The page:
each Q may be independently, hydride, C1C50 hydrocarbyl radicals, substituted hydrocarbyl radicals wherein one or more hydrogen atoms is replaced by an electron-withdrawing group such as a halogen atom, or alkoxide radical, or C1C50 hydrocarbyl-substituted metalloid radicals wherein the metalloid is selected from the Group IV-A of the Periodic Table of Elements, provided that where any Q is a hydrocarbyl such Q is different from (C5H5-y-xRx), or both Q together may be an alkylidene olefin, acetylene or a cyclometallated hydrocarbyl;

y is 0 or 1; when y is 1, T is a covalent bridging group containing a Group IV A or V A element such as, but not limited to, a dialkyl, alkylaryl or diaryl silicon or germanium radical, alkyl or aryl phosphine or amine radical, or a hydrocarbyl radical such as methylene, ethylene and the like. Examples of the T group which are suitable as a constituent group of the Group IV B transition metal component of the catalyst system are identified in Column 1 of Table 1 under the heading T.

L is a neutral Lewis base such as diethylether, tetrahydrofuran, dimethylaniline, aniline, trimethylphosphine, n-butylamine, and the like; and w is a number from 0 to 3; L can also be a second transition metal compound of the same type such that the two metal centers M and M′ are bridged by Q and Q′, wherein M′ has the same meaning as M and Q′ has the same meaning as

Exemplary hydrocarbyl radicals for the Q are methyl, ethyl, propyl, butyl, amyl, isoamyl, hexyl, isobutyl, heptyl, octyl, nonyl, decyl, cetyl, 2-ethylhexyl, phenyl and the like, with methyl being preferred. Exemplary substituted hydrocarbyl radicals include trifluoromethyl, pentafluorphenyl, trimethylsilylmethyl, and trimethoxysilylmethyl and the like. Exemplary hydrocarbyl substituted metalloid radicals include trimethylsilyl, trimethylgermyl, triphenylsilyl, and the like. Exemplary alkyldiene radicals for both Q together are methylidene, ethylidene and propylidene. Examples of the Q group which are suitable as a constituent group or element of the Group IV B transition metal component of the catalyst system are identified in Column 4 of Table 1 under the heading Q.

Suitable hydrocarbyl and substituted hydrocarbyl radicals, which may be substituted as an R group for at least one hydrogen atom in the cyclopentadienyl ring, will contain from 1 to about 20 carbon atoms and include straight and branched alkyl radicals, cyclic hydrocarbon radicals, alkyl-substituted cyclic hydrocarbon radicals, aromatic radicals and alkyl-substituted aromatic radicals. Suitable organometallic radicals, which may be substituted as an R group for at least one hydrogen atom in the cyclopentadienyl ring, include trimethylsilyl, triethylsilyl, ethyldimethylsilyl, methyldiethylsilyl, triphenylgermyl, trimethylgermyl and the like. Examples of cyclopentadienyl ring groups (C5H5-y-xRx) which are suitable as a constituent group of the Group IV B transition metal component of the catalyst system are identified in Column 2 of Table 1 under the heading (C5H5-y-xRx) Suitable hydrocarbyl and substituted hydrocarbyl radicals, which may be used as an R′ group in the heteroatom J ligand group, will contain from 1 to about 20 carbon atoms and include straight and branched alkyl radicals, cyclic hydrocarbon radicals, alkyl-substituted cyclic hydrocarbon radicals, aromatic radicals and alkyl-substituted aromatic radicals. Examples of heteroatom ligand groups (JR′z-l-y) which are suitable as a constituent group of the Group IV B transition metal component of the catalyst system are identified in Column 3 of Table 1 under the heading (JR′z-l-y).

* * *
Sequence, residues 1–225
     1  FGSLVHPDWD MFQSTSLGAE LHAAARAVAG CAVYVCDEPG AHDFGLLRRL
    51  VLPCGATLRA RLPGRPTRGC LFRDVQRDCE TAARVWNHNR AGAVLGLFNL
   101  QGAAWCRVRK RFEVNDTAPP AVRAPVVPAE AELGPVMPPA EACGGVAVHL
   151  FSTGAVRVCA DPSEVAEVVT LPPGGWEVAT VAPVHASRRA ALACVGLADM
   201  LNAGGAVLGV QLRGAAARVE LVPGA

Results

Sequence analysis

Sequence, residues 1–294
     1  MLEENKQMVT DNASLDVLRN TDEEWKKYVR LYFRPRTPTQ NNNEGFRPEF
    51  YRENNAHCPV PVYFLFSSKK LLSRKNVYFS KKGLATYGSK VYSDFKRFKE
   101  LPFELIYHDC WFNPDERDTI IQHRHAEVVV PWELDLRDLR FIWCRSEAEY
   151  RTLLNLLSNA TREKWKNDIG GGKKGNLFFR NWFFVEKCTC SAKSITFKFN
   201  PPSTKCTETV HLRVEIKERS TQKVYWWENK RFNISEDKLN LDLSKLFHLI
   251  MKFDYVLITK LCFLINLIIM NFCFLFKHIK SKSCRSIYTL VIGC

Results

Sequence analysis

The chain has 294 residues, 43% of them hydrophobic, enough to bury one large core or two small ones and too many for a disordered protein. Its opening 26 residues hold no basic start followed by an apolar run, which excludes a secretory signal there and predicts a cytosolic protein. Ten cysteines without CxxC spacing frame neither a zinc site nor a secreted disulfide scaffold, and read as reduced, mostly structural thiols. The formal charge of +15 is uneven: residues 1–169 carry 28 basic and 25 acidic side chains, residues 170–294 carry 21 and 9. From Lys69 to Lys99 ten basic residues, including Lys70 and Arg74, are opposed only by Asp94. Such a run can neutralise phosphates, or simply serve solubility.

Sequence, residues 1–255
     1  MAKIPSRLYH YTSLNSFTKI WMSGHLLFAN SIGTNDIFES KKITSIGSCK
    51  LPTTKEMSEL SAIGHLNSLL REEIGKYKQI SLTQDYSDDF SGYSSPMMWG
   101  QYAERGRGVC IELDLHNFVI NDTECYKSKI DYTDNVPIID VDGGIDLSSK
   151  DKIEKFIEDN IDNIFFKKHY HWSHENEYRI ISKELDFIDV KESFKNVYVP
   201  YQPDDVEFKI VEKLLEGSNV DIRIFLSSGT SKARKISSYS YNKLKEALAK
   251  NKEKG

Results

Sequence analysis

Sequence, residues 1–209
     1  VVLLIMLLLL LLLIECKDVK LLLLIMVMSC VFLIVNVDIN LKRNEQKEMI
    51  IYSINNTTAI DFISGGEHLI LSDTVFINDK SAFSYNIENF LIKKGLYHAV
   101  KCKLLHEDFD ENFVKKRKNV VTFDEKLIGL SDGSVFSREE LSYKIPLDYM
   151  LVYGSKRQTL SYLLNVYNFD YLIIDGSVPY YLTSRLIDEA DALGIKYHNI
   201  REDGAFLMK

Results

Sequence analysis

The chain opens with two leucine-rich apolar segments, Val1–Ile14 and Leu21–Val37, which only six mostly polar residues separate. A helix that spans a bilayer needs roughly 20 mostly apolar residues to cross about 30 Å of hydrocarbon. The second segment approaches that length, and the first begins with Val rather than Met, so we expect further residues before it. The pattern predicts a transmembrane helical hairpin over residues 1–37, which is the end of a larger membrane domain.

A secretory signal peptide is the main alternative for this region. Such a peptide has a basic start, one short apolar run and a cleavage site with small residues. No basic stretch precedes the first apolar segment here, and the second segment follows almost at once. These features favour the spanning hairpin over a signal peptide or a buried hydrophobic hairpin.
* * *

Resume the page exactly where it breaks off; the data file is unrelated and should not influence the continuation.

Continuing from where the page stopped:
Table 1 depicts representative constituent moieties for the Group IV B transition metal component, the list is for illustrative purposes only and should not be construed to be limiting in any way. A number of final components may be formed by permuting all possible combinations of the constituent moieties with each other. Illustrative compounds are: dimethylsilyltetramethylcyclopentadienyl-tert-butylamido zirconium dimethyl, dimethylsilyltetramethylcyclopentadienyl-tert-butylamido hafnium diethyl, dimethylsilyl-tert-butylcyclopentadienyl-tert-butyl-amido zirconium dihydride, dimethylsilyl-tert-butylcyclopentadienyl-tert-butylamido hafnium diphenyl, dimethylsilyltrimethylsilylcyclopentadienyl-tert-butylamido zirconium dihydride, dimethylsilyltetramethylcyclopentadienylphenylamido titanium dimethyl, dimethylsilyltetramethylcyclopentadienylphenylamido hafnium ditolyl, methylphenylsilyltetramethylcyclopentadienyltert-butylamido zirconium dihydride, methylphenylsilyltetramethylcyclopentadienyl-tert-butylamido hafnium dimethyl, dimethylsilylfluorenyl-cyclohexylamido titanium dimethyl, diphenylgermylindenyl-t-butyl phosphido titanium dihydride methylphenylsilyltetramethylcyclopentadienyl-tert-butylamido hafnium dimethyl, dimethylsilyltetramethylcyclopentadienyl-p-n-butylphenylamido zirconium dihydride, dimethylsilyltetramethyl-ocyclopentadienyl-p-n-butylphenylamido hafnium dihydride. For illustrative purposes, the above compounds and those permuted from Table 1 do not include the neutral Lewis base ligand (L). The conditions under which complexes containing neutral Lewis base ligands such as ether or those which form dimers is determined by the steric bulk of the ligands about the metal center. Similarly, due to the decreased steric bulk of the trimethylsilylcyclopentadienyl group in [Me2Si(Me3SiC5H3)(N-t-Bu)ZrH2]2 versus that of the tetramethylcyclopentadienyl group in Me2Si(Me4C5)(N-t-Bu)-ZrH2, the former compound is dimeric and the latter is not.

Generally the bridged species of the Group IV B transition metal compound (y=1) are preferred. A preferred method of preparing these compounds is by reacting a cyclopentadienyl lithium compound with a